Industry Seeks Track and Trace Law
By David Vaczek, Senior Editor
With buy in from all pharma supply chain sectors, the RxTEC Act provides a model for automated lot-level tracking.
With the RxTEC Act, pharmaceutical supply chain members are proposing a phased-in approach to track-and-trace with a federal law imposing uniform requirements on all states.
The act was developed by the Pharmaceutical Distribution Security Alliance (PDSA), manufacturers, wholesalers, and pharmacy chains joining to offer an alternative model for tracing prescription drug distribution. The bill thus represents a consensus approach from different supply sectors facing different requirements in a track and trace scheme.
“Our biggest concern is getting rid of the patchwork of state pedigree laws we deal with every day. We were told by the Hill we need to get consensus from industry in order to move something forward this year,” says Elizabeth Gallenagh, vice president, government affairs and general counsel, Healthcare Distribution Management Association (HDMA).
“This is the first time that true consensus has occurred with all the stakeholders in terms of a proactive approach to pedigree at the federal level,” Gallenagh adds.
The Pharmaceutical Traceability Enhancement Code (RxTEC) Act includes federal standards for licensing of wholesalers and other logistics providers, establishes stiff penalties for counterfeiters, and calls for regulations requiring electronic labeling.
In product tracking requirements, the bill sets out immediate interim provisions that would supplant the “pedigree” requirements of the Prescription Drug Marketing Act (enacted in 1988; implemented in 2006), which states have been free to exceed with their own stricter laws.
“The interim requirements set a floor both in the license requirements and the pedigree requirements that would take effect at the outset. PDMA hasn’t been improved on in 25 years. Most states have acted beyond it, but inconsistently. We want absolute consistency in terms of practice,” Gallenagh adds.
ADDING LOT AND EXPIRY
In the follow-on RxTEC system, no later than three years after the regulation is approved, manufacturers will apply the RxTEC code in a 2-D bar code carrier to saleable units, with cases of homogenous product carrying 2-D or linear bar codes. The RxTEC code includes the NDC embedded in the GTIN, with appended serial number, and lot number and expiry dates.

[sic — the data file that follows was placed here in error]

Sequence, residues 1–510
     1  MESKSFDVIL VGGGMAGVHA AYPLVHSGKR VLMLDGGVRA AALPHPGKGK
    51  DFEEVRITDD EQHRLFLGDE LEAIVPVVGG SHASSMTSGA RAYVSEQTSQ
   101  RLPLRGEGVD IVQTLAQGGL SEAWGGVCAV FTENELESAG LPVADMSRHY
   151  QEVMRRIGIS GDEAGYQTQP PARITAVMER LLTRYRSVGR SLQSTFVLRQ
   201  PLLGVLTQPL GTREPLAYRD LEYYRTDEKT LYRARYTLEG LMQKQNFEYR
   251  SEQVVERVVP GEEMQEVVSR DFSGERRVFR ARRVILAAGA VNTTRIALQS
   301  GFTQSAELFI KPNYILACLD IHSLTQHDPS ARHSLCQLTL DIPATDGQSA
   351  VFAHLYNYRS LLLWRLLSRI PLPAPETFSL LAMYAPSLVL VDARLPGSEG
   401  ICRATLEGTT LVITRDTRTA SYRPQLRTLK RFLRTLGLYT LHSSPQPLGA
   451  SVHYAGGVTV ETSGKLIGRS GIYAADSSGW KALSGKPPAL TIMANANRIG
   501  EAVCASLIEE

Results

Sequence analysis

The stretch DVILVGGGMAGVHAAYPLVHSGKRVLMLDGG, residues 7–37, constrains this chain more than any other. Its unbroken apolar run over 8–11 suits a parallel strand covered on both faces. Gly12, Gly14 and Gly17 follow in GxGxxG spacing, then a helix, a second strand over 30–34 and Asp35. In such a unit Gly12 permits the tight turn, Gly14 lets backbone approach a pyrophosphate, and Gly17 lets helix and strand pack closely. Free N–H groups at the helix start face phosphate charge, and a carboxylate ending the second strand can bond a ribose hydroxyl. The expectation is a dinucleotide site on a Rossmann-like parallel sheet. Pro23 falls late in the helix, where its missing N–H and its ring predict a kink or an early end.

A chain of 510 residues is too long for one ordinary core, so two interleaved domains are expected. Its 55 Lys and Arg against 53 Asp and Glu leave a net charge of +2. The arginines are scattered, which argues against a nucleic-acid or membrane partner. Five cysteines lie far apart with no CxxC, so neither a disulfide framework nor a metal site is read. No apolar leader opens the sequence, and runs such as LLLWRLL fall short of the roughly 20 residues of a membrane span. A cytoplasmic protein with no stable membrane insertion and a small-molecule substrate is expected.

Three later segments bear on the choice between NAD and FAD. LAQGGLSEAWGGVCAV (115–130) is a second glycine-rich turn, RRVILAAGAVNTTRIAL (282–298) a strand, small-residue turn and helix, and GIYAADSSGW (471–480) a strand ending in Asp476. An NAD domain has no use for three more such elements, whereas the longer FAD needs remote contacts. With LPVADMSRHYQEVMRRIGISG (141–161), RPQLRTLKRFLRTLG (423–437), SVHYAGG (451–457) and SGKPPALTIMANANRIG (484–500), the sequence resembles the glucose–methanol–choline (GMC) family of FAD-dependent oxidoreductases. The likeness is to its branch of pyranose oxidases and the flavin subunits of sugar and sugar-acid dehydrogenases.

Wholesalers four years after the regulation and pharmacies six years after need systems in place to support lot-level product tracing and recall.
The approach would automate lot-level tracking, with coding of saleable units that promotes efficiencies in wholesaler operations and supports authentication services that may be set up by manufacturers.
“Lot-level tracking is effectively what is in place in many of the states, particularly Florida, that currently have pedigree laws. Suppliers have to include the lot information on the pedigree with the sale,” says Shabbir Dahod, president and CEO of TraceLink, Inc. (www.tracelink.com), which provides a cloud-based solution, the TraceLink Business Cloud, for managing outsourced production and trace and track requirements across the global supply network.
Since most lot numbers are today in human-readable form, they are often manually typed into systems from shipping documents as sales are logged and drug pedigrees prepared. In this manual environment, for any set of items being shipped, the distributor has to track down invoices, purchase orders, and receiving documents to associate the lot number with the previous supplier for including the information on the newly created or updated pedigree.
“RxTEC would help automate shipping transactions and lot tracking as the lot number and other product data is coded into a 2D bar code readable by scanners. This will make the distribution process much more efficient. You can scan the code on a homogeneous case, log it into your inventory, and perform pedigree reconciliation at the point of receiving,” Dahod says.